EUROPEAN HUMAN RIGHTS LAW - 2020/1
Module code: LAW2088
In light of the Covid-19 pandemic, and in a departure from previous academic years and previously published information, the University has had to change the delivery (and in some cases the content) of its programmes, together with certain University services and facilities for the academic year 2020/21.
These changes include the implementation of a hybrid teaching approach during 2020/21. Detailed information on all changes is available at: https://www.surrey.ac.uk/coronavirus/course-changes. This webpage sets out information relating to general University changes, and will also direct you to consider additional specific information relating to your chosen programme.
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This module is intended to introduce students to the protection of human rights in Europe, with the focus placed on rights protection under European Convention on Human Rights (ECHR). Students should develop a strong, critical understanding of the basic doctrinal concepts, develop the ability to critically analyse relevant case law and engage with scholarly debates relating to the development of rights protection. The module focuses on selected topics and case-studies, considering provocative moral, legal and political questions involved, and introducing contemporary debates on the future of the European Court of Human Rights.
School of Law
O'MEARA Noreen (Schl of Law)
Number of Credits: 15
ECTS Credits: 7.5
Framework: FHEQ Level 5
JACs code: M120
Module cap (Maximum number of students): N/A
Prerequisites / Co-requisites
Indicative content includes -
- Overview of human rights protection in the UK, Human Rights Act; human rights and the common law.
- Introduction to the ECHR and European Court of Human Rights
- Principles of interpretation: including evolutive interpretation, the margin of appreciation, European consensus, and proportionality
- Selected substantive topics / case-studies drawn from the Convention, which may include for example:
- Article 2 ECHR: right to life
- Article 3 ECHR: prohibition of torture, inhuman and degrading treatment
- Article 4 ECHR: prohibition of slavery and forced labour
- Article 8 ECHR: introduction to the right to private and family life
- Article 9 ECHR: freedom of thought, conscience and religion
- Article 10 ECHR: freedom of expression.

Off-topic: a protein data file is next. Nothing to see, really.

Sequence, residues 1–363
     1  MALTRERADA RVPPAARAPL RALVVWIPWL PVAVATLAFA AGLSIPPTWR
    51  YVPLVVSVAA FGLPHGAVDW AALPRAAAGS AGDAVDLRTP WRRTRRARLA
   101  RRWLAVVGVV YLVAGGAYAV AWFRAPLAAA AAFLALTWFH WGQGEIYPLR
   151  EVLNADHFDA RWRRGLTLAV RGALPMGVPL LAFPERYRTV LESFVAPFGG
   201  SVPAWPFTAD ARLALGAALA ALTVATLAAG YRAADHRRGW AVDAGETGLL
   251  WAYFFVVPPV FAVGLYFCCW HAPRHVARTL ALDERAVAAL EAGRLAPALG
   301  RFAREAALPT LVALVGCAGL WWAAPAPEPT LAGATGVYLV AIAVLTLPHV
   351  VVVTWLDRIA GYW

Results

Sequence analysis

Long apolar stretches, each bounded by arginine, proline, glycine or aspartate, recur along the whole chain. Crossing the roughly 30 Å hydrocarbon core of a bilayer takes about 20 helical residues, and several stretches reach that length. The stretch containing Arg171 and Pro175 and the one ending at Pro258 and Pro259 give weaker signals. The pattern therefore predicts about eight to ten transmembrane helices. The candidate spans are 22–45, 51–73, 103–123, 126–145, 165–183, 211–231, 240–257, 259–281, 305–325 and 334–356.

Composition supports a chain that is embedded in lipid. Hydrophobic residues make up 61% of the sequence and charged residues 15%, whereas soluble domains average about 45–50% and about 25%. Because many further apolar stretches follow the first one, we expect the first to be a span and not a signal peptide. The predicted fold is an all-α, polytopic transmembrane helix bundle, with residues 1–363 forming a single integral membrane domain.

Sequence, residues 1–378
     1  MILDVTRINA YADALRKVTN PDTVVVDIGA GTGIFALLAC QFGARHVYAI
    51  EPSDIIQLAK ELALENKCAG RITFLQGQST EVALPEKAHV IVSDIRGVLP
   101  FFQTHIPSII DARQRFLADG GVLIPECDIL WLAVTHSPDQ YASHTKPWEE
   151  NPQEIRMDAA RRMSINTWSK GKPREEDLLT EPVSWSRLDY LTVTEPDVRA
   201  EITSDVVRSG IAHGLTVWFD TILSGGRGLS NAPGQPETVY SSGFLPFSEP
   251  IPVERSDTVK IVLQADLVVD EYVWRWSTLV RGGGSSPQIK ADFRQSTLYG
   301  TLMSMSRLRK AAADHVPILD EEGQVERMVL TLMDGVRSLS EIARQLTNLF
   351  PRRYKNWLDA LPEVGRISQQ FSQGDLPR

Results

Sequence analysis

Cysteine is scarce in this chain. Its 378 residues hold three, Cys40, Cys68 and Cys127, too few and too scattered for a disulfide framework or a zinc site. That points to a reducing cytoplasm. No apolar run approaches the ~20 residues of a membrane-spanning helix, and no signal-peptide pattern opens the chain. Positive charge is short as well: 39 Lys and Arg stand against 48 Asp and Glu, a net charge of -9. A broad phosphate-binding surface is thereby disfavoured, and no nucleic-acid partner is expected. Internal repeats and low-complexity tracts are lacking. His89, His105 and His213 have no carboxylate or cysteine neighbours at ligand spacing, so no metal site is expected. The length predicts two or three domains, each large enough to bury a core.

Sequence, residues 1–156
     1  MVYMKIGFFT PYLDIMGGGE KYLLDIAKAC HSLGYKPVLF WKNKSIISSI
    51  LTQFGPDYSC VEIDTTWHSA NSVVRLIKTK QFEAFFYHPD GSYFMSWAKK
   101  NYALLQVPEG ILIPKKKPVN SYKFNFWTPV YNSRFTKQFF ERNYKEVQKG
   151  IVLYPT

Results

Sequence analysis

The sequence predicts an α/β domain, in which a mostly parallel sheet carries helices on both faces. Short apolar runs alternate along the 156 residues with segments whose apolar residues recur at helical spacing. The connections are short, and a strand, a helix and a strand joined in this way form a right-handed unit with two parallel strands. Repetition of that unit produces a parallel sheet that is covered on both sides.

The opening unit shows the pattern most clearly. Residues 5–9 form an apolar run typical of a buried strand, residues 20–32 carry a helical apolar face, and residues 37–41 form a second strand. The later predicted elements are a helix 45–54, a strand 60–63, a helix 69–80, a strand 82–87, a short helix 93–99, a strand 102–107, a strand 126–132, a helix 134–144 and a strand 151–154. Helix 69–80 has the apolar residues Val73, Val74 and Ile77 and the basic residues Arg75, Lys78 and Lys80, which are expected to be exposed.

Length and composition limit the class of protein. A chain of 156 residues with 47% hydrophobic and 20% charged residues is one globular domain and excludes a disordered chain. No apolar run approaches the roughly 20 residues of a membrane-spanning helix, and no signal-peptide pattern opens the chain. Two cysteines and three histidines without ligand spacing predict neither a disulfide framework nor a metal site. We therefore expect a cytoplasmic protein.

- Legal and policy issues relating to reform of the European Court of Human Rights.
- Relationships between UK courts and European Court of Human Rights.
- Revision of topics covered during the module.
|Assessment type||Unit of assessment||Weighting|
|Examination||ONE TWO-HOUR EXAMINATION||100|
The assessment strategy is designed to provide students with the opportunity to demonstrate their thorough understanding of the Convention system. The formative assessment focuses on selected key doctrines and/or substantive provisions of the ECHR, which are further tested in the summative assessment. The summative assessment tests the learning outcomes, identifying and rewarding students’ analytical skills and demonstration of knowledge. In formative and summative assessments, students are encouraged to address themes from across the module and demonstrate a high level of knowledge of the ECtHR’s approach to interpretation.
Formative assessment and feedback:
Students will be given the opportunity to complete a short formative assessment. Feedback will be provided to support students’ development. Written feedback is provided on formative assessments, and oral feedback is provided in tutorials, in revision lectures and during consultation hours. Students will get verbal feedback on their performance during the moot court and for participation in the discussions.
Students will complete a 2-hour summative exam. The questions will test a variety of topics covered on the module. This encourages students to engage deeply in a range of topic areas for the assessment, and allows us to test whether students can make connections across the topics in the module. Questions will be designed to allow students to show that they have understood the basic doctrines and that they can analyse novel problems and issues relating to the protection of human rights in depth. Students are expected to substantiate claims made by drawing on appropriate evidence.